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we are small team of 3 developers (Boss, me and another developer working mostly remote), and I am tasked to setup a repository server for Mercurial HG.

It seems like I can simply put our centralized repository on a shared network drive. It will extremely easy to setup, but seems like there is a risk that any one of us could abuse the convenient of working/modify the source repository directly. That is why I am thinking about using HgWebdir server as a way to control access to central repository. So directly access to the central source repository is not encouraged, but the shared drive will be here just in case.

I guess it is a question of defined our in-house version-control procedure, not a really version-control question, but I am still go ahead and ask the question. As I don't feel I am experienced enough to make the decision, and if I am not 100% sure that my reason and means a valid, it is probably hard for me to enforce the way version-control system should be used by other developers.


I can see that there are potential issues on shared folder working with Version-control software. But anyone care to explain bit more what happened behind the scene, when pushes to shared folder? My understanding is that shared drive is essentially a shared link/shortcut, so for a shared drive, Mercurial on local machine is only hold the lock for that link, but the fact is that each users machine could had a different instance of Mercurial holding the links' lock, while the server's Mercurial instance will hold its own link on physical drive. I can see it is complicated, but how it is going to fail? I can understand the conclusion, but couldn't by myself link the facts to the conclusion

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Another point to consider is that network drives often has strange filesystem semantic which do not play well with SCMs. At least that's been the case that there was corruptions with network drives involved (it's probably fixed not). – tonfa Jul 26 '11 at 7:33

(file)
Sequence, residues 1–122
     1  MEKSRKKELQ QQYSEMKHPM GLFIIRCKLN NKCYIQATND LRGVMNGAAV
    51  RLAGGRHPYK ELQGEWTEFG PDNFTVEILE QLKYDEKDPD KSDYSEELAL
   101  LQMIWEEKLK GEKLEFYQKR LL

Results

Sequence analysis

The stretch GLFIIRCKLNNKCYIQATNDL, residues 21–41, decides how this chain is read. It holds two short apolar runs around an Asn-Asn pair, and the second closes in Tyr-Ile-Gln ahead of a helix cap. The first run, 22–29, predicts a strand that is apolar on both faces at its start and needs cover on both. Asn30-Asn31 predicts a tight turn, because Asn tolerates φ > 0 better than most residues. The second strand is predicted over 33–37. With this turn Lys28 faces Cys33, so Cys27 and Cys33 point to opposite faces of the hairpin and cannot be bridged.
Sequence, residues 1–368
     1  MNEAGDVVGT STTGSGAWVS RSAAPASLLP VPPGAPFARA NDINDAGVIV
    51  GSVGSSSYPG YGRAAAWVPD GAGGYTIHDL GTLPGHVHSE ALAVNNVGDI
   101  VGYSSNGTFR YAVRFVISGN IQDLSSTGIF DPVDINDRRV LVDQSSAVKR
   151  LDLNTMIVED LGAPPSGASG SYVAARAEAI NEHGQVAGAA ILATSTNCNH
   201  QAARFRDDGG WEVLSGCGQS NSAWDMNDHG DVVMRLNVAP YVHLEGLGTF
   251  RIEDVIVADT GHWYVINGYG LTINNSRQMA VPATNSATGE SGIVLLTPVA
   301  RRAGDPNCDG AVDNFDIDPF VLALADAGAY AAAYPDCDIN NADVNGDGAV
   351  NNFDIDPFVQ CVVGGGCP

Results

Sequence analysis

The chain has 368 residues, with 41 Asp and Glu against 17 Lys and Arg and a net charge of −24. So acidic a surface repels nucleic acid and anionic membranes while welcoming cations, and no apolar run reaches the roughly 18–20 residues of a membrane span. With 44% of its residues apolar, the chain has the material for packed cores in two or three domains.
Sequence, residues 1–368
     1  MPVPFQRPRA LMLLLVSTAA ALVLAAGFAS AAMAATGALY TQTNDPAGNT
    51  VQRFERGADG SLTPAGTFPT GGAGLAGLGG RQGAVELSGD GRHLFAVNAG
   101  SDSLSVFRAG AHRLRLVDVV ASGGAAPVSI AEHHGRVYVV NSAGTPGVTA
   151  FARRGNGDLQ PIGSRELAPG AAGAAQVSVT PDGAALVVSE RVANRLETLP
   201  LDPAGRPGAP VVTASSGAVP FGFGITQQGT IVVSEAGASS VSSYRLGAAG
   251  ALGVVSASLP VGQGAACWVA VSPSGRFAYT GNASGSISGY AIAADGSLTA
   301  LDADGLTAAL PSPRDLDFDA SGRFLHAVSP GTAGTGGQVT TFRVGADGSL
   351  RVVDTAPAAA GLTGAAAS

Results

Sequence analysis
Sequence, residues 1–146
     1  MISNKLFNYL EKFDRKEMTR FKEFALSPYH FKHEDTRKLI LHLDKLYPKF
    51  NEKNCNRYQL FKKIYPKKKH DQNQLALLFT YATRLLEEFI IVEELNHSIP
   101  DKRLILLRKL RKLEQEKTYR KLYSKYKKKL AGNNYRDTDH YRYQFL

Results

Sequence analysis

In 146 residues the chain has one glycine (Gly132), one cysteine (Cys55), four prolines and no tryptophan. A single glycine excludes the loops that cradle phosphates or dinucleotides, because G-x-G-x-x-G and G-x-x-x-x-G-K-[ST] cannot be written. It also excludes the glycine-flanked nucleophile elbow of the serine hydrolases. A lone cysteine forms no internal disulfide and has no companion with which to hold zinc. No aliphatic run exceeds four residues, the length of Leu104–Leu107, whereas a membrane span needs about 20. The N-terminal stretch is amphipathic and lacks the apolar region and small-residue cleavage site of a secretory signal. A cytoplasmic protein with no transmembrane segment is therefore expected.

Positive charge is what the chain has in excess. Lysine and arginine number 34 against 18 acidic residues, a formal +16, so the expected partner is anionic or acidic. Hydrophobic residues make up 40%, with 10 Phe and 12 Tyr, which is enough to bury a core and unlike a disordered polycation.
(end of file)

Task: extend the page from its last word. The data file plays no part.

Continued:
I'm guessing that hosting the code off-site, like on a private repository on bitbucket or kiln is out of the question? – Lasse V. Karlsen Jul 26 '11 at 7:39
@Lasse No, not now. By the way, anyone know whether it is viable to host your None-open-source source code in Bitbucket? I know it is an option by reasoning, but how can I convince my boss besides saying "Why not?" – Paul L Jul 27 '11 at 0:48
This is a different question altogether, I think you should try to look on and here on stack overflow for existing questions which ask the same thing, how to convince boss/management/leadership to accept off-site source code hosting. – Lasse V. Karlsen Jul 27 '11 at 7:43

2 Answers 2

up vote 7 down vote accepted

You should not place the Mercurial repository on a shared folder on a network server because Mercurial cannot reliably hold locks in all situations in such a setup, and during pushes to that central repository, locks are crucial to avoid corrupting the repository.

In fact, I would remove the "not encouraged" and replace it with "not possible", and only serve the repository either with hgweb or hg serve, the former being the recommended setup for long-running servers.

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How about running HGWEB with the repository storage being located on a network share? – Omar Sep 18 '12 at 16:29

If you have a centralized server you can install hgweb there and push and pull from it as a central and BACKED-UP source. We still have Windows 2003 servers (I am in no position to change that) and with a little searching on the web was able to find info on how to setup a hgweb on a Windows server though most of it referred to Windows Server 2007.

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